Gabriel's Sonic Boom Verdict was similar to other Sonic Verdicts and ultimately resulted in us wondering to what extent we had manufactured the Sonic that we liked from whole cloth, and then just draped that engineered affection over new titles as they came out. I don't really believe it yet. I feel like I remember having fun. Maybe not everyone is. I feel like there's a gruesome career retrospective coming for this beleaguered hedgehog, one with heartfelt interviews interleaved with black and white reenactments. I think he's in a bad place.
Outside of the scores, I haven't read any Dragon Age: Inquisition reviews. So maybe what I'm going to tell you about my experience with the PC version now is all stuff the DA stalwart has read before. I'm gonna do it anyway, I think. They're coming out fucking swinging on this one. They know that have an uphill climb after Dragon Age II; that they need to be engaged in a process of active repair on player trust. I would that that is "happening."
I wouldn't call the game "open world," as I have often heard it said. I think that's not correct. Some zones are so large, though, that they deliver the feel of that type of play while still retaining control. It's sort of like how Tolkien will tell you about how far they walked or whatever and then "narrative resolution" increases when they reach certain points. I think of Open World as meaning there is a full world simulation where I can travel across a unified map, like Elder Scrolls or the new Witcher. And it would matter if the game felt small. That is not a problem this game has.
Your War Room - think about a vastly more detailed Galaxy Map from Mass Effect - is where you see the big picture. It has missions you can task your agents with, leveraging three types of influence, for some reward. But you also use a resource called Power - something Gabe used when his campaign went "open world" also, except we called it Resolve - to unlock missions and get shit done. I guess at some level it is a menu, but it is the most engrossing menu of this kind I have ever seen. The Inquisition itself levels up, and it has its own trees tied into the influence types I mentioned before and granting global benefits.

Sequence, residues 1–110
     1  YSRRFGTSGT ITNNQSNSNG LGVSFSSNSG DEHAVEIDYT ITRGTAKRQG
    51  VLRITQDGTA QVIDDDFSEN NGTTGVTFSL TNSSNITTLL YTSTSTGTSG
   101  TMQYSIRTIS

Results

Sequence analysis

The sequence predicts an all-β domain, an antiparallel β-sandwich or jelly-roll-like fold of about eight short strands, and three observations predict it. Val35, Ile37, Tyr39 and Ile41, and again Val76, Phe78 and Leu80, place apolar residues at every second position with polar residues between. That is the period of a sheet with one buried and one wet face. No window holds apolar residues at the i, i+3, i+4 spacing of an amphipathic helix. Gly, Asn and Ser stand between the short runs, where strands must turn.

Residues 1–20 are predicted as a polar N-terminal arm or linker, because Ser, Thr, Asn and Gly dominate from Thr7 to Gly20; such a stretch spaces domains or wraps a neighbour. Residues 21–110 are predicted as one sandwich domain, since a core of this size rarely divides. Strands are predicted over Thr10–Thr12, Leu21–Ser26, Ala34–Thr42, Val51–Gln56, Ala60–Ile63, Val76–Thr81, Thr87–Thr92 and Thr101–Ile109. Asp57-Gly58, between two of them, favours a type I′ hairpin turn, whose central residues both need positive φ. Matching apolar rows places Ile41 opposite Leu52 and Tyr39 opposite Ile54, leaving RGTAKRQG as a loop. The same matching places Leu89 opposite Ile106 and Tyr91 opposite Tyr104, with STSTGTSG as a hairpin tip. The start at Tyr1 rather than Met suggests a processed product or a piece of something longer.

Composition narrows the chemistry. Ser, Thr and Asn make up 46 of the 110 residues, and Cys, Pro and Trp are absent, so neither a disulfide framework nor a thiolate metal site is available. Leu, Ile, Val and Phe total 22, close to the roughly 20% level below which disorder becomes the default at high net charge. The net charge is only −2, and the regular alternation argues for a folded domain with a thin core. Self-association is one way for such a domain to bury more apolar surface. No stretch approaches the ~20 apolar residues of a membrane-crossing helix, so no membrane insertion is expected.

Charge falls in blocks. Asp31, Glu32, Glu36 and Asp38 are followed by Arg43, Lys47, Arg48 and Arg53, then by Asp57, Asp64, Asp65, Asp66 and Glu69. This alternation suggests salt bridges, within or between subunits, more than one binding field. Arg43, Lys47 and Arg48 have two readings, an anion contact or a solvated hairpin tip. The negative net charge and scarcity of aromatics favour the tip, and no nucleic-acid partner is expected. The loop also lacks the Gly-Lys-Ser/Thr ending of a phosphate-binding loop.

Games this big tend to lose me in the minutiae. There are a lot of little activities here and there generally and they all do something but they don't always feed back into the top of the structure. Not so, here. I can explore. It's the Galactic Readiness concept from ME completely blown out, and it's bad. It's so bad. Usually I'd get squirreled away in some corner and feel guilty in this type of game until I quit. Now, I do what I feel like doing and I'm always furthering the ur-goals.
Even the most rote, by the numbers fedex quest hooks into the Inquisition's campaign in this way. I killed ten rams and it felt epic. What is happening here.